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How to protect 500,000 along a 26-mile route? London beefs up marathon security

LONDON -- British authorities ordered more police on the streets for Sunday's London Marathon in the wake of the Boston bombings, but experts warned it was "virtually impossible" to guarantee the safety of the hundreds of thousands who will attend the event. 

A police source said additional patrols by uniformed officers were planned to reassure the public in the wake of deadly attack.

While British security officials have been in contact with their counterparts in the U.S. following Monday's blasts, the U.K.'s threat level for international terrorism hasn't been changed from "substantial" -- the third of five categories on the scale.

At least 500,000 spectators are expected to watch Sunday’s race and Prince Harry is due to hand medals to the winners.

The course takes the 36,000 runners right past major sites - including Tower Bridge, the Houses of Parliament and Buckingham Palace – as well as through Canary Wharf, the giant riverside financial district targeted twice by the Irish militants in the 1990s.

Even in a city that has spent recent decades under the threat of bombs – first from Irish Republicans, more recently jihadists – such a public event poses a security headache.

Sir Bernard Hogan-Howe, the commissioner of London's Metropolitan Police, said that the force was "taking more more precautions than we might have done otherwise."

"We will make sure we've got more officers on the street looking after people, making sure they're kept safe, but we've no reason to think they'd be any less safe than before the terrible events in Boston,." he said. "We'd be professionally irresponsible if we didn't take some reasonable steps."

Metropolitan Police Commander Christine Jones declined to give details of what changes might be made, if any, to the event's security plan. She said officers would “continue to review all the intelligence” available.

London Marathon chief executive Nick Bitel insisted the event would go ahead. “We will be reviewing our security in the coming days, in the light of what has happened in Boston," Bitel told ITV News.

"I don't want to talk about specifics of what security we have had in the past, or will have on Sunday. All I can say is that it will be of an appropriate level to meet whatever threat assessment is made, in conjunction with the police," he added.

Hugh Robertson, a British government minister, called for crowds and runners to attend in London as normal.

“The very best way to show solidarity with Boston is to get out there on the streets of London to cheer the runners on and to show that we won’t be defeated by this sort of activity,” he told the London Evening Standard newspaper.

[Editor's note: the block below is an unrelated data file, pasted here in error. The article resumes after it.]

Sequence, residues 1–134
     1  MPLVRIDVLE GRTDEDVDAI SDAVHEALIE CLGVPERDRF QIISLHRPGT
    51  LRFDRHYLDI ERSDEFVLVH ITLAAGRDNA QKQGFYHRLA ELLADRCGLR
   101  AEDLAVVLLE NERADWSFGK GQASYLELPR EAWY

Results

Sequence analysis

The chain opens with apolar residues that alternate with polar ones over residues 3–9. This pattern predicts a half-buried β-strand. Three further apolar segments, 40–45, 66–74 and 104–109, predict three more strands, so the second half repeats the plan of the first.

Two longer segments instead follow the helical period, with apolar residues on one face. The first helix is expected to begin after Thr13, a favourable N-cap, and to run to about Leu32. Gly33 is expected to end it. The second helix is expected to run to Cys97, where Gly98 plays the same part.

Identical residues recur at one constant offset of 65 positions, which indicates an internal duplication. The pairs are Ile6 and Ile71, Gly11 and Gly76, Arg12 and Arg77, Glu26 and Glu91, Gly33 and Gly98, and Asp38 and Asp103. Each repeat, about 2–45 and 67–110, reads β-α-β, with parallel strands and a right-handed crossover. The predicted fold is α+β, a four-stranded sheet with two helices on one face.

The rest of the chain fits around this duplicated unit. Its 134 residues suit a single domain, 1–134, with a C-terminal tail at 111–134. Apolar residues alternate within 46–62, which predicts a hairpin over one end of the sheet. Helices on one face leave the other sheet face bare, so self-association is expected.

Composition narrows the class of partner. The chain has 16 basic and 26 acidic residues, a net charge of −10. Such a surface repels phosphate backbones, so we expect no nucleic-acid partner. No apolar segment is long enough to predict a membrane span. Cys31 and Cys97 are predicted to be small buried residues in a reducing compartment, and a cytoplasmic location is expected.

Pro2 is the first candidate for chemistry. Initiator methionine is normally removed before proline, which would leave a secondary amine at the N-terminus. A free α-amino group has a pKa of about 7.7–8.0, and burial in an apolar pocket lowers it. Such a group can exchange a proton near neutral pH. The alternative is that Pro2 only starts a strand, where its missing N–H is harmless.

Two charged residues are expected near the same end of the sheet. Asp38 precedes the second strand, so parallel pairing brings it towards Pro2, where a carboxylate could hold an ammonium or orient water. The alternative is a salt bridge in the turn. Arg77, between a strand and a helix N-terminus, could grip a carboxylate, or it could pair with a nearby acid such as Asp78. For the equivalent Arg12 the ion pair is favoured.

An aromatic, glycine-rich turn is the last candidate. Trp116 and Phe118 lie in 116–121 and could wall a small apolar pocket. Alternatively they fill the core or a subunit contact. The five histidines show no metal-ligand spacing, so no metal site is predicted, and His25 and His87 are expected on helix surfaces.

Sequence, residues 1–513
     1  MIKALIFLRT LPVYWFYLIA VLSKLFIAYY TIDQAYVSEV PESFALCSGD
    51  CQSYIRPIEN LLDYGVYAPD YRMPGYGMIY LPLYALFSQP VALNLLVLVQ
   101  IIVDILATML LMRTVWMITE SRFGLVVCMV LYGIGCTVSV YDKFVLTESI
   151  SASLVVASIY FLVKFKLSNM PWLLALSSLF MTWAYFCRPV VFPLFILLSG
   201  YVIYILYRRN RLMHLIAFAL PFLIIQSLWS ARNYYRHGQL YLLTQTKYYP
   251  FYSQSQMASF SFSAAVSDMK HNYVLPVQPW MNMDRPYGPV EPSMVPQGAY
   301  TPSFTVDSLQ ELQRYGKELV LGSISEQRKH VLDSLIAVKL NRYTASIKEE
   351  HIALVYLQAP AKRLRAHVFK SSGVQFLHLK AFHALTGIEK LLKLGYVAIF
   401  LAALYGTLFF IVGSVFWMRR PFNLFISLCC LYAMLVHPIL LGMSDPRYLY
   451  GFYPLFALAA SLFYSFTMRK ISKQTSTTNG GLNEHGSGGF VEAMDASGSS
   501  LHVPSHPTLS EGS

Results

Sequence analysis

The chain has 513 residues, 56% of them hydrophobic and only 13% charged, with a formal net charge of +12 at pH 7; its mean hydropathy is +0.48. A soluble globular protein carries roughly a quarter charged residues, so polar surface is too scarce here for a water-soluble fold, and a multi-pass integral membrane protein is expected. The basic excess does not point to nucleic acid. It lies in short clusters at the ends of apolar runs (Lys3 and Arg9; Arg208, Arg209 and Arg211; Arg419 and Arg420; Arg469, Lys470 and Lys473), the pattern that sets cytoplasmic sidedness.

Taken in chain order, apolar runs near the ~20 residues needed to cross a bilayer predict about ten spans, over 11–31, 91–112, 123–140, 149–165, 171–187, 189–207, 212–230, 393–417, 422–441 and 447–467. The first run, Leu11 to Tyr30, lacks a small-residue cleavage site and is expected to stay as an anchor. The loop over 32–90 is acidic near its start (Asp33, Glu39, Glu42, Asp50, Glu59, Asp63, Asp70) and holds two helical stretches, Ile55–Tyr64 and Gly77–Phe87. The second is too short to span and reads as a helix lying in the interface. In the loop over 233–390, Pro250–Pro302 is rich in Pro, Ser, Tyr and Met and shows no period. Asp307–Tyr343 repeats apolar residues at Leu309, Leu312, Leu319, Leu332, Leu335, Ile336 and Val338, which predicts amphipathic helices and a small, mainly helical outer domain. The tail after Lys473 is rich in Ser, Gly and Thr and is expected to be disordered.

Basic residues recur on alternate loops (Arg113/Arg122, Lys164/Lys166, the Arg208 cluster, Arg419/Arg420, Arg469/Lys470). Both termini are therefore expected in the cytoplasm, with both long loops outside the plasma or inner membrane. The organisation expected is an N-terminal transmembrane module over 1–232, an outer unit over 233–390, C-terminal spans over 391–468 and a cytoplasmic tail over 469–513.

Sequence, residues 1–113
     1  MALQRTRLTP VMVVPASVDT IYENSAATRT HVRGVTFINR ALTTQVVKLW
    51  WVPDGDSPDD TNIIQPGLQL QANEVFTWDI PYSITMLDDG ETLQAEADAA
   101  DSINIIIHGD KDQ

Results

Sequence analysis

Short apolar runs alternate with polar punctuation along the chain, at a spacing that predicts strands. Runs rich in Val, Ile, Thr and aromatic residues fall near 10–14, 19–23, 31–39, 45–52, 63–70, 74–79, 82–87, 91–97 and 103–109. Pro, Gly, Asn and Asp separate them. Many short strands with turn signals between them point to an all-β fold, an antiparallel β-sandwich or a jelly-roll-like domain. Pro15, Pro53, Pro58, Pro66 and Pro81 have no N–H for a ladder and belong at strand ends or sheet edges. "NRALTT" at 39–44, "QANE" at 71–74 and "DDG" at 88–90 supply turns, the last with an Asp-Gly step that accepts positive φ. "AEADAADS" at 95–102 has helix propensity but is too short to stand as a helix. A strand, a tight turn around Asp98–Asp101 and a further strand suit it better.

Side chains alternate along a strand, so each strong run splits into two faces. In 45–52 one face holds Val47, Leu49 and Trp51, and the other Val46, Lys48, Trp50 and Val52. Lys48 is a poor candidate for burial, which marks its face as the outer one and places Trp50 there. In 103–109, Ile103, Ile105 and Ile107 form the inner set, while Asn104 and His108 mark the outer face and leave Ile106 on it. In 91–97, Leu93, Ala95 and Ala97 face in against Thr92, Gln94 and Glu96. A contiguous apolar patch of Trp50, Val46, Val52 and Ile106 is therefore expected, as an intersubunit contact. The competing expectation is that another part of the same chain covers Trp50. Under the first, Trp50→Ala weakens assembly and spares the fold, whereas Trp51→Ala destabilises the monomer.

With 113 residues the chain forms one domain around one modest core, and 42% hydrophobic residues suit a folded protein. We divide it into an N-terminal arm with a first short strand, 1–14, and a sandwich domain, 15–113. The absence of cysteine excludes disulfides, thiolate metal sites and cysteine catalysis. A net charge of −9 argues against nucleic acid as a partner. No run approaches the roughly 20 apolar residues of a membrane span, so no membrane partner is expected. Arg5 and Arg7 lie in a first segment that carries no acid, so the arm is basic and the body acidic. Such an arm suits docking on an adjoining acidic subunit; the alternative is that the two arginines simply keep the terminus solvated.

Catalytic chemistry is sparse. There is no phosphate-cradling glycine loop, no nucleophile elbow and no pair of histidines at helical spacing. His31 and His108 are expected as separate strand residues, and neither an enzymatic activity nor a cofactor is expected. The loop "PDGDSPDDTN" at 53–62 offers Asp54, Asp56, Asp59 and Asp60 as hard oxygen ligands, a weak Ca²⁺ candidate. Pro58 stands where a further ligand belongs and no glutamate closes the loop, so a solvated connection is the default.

Runners will be encouraged to wear a black ribbon at the start of the race to honor victims of the Boston bombing, and a 30-second silence will be observed, organizers said Wednesday

NBC News national security analyst Michael Leiter said it was “virtually impossible” to make a marathon completely secure because of its 26.2-mile long route.

“You just have to do the best you can to keep people safe and maintain resilience," he said. “It’s important we don’t alter our lives because that provides the terrorist – domestic, international, whoever it may be – with a huge victory.”

Helmut Spahn, executive director of the International Centre for Sport Security, told Reuters: "There has to be a clear analysis of the situation and certainly no over-reaction. More police, more military is not always the best solution. To have a 100 percent security is very, very difficult if not near impossible.”

The German port city of Hamburg is also hosting a marathon Sunday. More than 400 police officers will be on duty.

Organizer Frank Thaleiser said about 22,000 athletes were registered for the event.

"It is impossible to fully control the entire 42 kilometers along the running course, but we have also advised our 3,000 helpers to be extra vigilant and to watch out for abandoned bags or suspicious packages," he said.

"But it does not make sense to position 100 police officers at the finish line, that would only generate panic," he added.

Professor Richard English, director of  the Handa Centre for the Study of Terrorism and Political Violence at Britain's University of St. Andrews, urged people to not be rattled by the Boston attack.

"The chances of people being killed or injured by terrorism are statistically very slight, despite the appalling nature of what happened [on Monday] in Boston," he said. "Continuing normal life makes sense ... In the absence of a well-grounded threat to specific races, the likelihood is that marathons, and most other public occasions, will continue to be safe in the U.S."

NBC News' Ian Johnston contributed to this report.


Full coverage of the Boston Marathon bombings from NBC News